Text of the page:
|BRUSSELS - Unauthorised genetically modified (GMO) maize has found its way into Europe in food and animal feed, angering EU authorities and highlighting European sensitivity over the issue, the EU executive said on Friday.|
Last week, Swiss agrochemicals group Syngenta said some of its maize seeds were mistakenly contaminated between 2001 and 2004 with Bt-10, an insect-resistant strain that was not approved for distribution.
This maize strain entered EU markets as seed, food and animal feed. How, when and where remain unknown, officials say.
"(European Food Safety) Commissioner Markos Kyprianou deplores the fact that a GMO which has not been authorised through the EU's comprehensive legislative framework ... has been imported into the European Union," Commission spokesman Philip Tod told a daily news briefing.
Up to eight kilograms (17.6 lb) of Bt-10 seeds, within a 100-kg lot of Bt-11 seeds, were sent from the United States into France for research during this time, not for commercial growing. Two kg went to Spain. All the seeds have since been destroyed.
"In addition, we are told that an estimated 1,000 tonnes of Bt-10 food and feed products may have entered the EU through the Bt-11 export channel since 2001," Tod said.
EU authorities had demanded a full scientific risk assessment from Syngenta for Bt-10 and an official view from the US government on quantities exported to EU countries, he said.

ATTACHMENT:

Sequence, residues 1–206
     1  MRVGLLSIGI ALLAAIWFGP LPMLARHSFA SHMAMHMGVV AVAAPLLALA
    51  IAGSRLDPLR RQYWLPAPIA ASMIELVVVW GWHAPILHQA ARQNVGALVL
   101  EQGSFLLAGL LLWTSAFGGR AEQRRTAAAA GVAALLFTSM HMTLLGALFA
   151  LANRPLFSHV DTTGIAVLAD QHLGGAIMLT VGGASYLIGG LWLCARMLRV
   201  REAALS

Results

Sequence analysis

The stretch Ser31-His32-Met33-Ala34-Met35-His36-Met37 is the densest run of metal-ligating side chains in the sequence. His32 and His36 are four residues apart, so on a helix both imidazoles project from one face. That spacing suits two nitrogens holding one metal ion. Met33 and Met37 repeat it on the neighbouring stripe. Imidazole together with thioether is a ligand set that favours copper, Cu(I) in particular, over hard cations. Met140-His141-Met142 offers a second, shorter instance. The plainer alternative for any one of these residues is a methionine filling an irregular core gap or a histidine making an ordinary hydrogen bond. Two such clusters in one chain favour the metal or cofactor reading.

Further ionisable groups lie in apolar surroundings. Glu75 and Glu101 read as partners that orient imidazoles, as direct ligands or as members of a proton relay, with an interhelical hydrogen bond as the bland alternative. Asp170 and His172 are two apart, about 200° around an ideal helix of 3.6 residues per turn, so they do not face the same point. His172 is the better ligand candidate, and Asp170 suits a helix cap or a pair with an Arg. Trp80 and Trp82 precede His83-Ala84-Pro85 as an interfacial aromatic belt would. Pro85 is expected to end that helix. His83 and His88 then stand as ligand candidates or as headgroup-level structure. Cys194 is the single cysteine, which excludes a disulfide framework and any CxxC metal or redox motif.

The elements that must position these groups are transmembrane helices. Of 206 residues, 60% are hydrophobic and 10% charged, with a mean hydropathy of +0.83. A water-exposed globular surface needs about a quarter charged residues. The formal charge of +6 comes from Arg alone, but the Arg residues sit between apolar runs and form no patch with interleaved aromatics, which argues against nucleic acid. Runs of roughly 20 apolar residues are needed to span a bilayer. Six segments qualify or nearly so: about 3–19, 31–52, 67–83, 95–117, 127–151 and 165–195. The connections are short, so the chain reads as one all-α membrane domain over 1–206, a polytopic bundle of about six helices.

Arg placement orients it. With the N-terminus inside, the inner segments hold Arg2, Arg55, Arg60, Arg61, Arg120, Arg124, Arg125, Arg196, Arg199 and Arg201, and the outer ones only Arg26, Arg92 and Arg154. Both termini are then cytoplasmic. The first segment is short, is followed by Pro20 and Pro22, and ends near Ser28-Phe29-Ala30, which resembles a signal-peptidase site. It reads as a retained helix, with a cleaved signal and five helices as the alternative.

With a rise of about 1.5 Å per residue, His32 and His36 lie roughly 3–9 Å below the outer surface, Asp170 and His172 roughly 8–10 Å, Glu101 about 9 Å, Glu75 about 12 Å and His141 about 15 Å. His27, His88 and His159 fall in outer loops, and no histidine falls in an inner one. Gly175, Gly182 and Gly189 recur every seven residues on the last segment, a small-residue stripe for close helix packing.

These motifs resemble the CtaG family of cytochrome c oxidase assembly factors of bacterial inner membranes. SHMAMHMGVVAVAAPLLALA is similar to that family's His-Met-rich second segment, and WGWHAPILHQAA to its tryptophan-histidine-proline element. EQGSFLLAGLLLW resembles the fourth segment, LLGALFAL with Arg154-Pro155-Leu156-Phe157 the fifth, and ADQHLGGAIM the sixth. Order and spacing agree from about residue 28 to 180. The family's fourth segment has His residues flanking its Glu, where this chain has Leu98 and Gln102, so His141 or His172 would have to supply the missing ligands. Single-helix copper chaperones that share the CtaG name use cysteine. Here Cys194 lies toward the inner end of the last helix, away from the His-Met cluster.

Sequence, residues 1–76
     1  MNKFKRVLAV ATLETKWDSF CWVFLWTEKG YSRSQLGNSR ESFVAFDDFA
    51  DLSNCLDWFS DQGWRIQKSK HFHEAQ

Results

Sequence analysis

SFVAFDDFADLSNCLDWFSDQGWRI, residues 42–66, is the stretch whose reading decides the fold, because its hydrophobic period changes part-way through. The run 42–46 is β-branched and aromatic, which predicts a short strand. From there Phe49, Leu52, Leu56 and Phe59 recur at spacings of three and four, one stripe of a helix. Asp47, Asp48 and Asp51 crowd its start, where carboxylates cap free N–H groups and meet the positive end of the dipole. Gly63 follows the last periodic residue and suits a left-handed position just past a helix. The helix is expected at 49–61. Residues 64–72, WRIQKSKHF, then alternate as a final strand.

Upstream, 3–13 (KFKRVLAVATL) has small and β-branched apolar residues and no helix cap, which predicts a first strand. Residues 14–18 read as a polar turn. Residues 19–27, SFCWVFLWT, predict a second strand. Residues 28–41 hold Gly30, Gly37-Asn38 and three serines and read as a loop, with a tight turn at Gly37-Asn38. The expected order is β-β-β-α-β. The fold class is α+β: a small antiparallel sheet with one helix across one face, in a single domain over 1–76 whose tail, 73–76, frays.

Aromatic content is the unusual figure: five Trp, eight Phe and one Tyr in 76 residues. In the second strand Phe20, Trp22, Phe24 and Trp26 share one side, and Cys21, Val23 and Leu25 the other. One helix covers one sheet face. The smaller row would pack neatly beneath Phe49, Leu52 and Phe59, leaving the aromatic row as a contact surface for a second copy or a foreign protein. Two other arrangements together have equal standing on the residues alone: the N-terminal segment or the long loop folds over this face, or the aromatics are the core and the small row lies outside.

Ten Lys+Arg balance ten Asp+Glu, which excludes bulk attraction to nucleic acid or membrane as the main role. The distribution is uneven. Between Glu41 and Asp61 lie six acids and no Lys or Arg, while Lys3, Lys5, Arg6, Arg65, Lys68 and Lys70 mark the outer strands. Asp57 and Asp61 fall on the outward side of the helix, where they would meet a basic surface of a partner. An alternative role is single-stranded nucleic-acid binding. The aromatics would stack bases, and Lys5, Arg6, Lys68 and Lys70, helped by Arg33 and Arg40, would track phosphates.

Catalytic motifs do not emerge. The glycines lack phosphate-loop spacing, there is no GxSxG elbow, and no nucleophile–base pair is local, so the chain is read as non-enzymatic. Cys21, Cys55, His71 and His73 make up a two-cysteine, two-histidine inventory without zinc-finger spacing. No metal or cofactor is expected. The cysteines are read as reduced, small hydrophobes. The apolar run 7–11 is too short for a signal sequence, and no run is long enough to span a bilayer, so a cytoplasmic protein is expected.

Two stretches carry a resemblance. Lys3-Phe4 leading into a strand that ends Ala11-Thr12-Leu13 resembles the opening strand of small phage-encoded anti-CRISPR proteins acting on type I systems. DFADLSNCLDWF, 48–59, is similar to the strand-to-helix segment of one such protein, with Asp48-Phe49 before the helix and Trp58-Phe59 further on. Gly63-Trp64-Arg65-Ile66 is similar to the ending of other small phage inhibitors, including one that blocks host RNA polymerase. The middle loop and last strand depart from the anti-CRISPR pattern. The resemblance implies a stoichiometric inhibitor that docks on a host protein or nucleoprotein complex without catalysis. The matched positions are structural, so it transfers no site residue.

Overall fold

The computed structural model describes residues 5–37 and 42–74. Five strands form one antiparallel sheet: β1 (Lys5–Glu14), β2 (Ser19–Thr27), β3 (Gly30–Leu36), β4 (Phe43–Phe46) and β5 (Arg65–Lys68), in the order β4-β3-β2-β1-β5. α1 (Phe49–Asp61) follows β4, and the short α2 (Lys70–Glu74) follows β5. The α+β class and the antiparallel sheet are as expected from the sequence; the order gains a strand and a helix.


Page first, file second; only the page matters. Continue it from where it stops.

Imports of Bt-11 maize were approved by the EU for use in industrial processing in 1998. The product is mainly used in animal feed rather than in food production.
But Bt-10 maize contains a gene making it resistant to an important group of antibiotics, which Bt-11 does not have. All GMO feed and foods made from GMOs, whether GMO material exists in the final product or not, must be labelled in the EU.
But there is one major loophole: there is no requirement to label products such as meat, milk or eggs obtained from animals fed with GMO feed or treated with GMO medicinal products.
Green groups are furious at the idea of an unapproved GMO finding its way into Europe, saying the Commission should have demanded information sooner to bring the problem under control.
"There are foods not permitted for human consumption in the food chain. We would expect a little more urgency to make sure that the public has not been endangered," Adrian Bebb, GMO campaigner at Friends of the Earth, told Reuters.
Story by Jeremy Smith
REUTERS NEWS SERVICE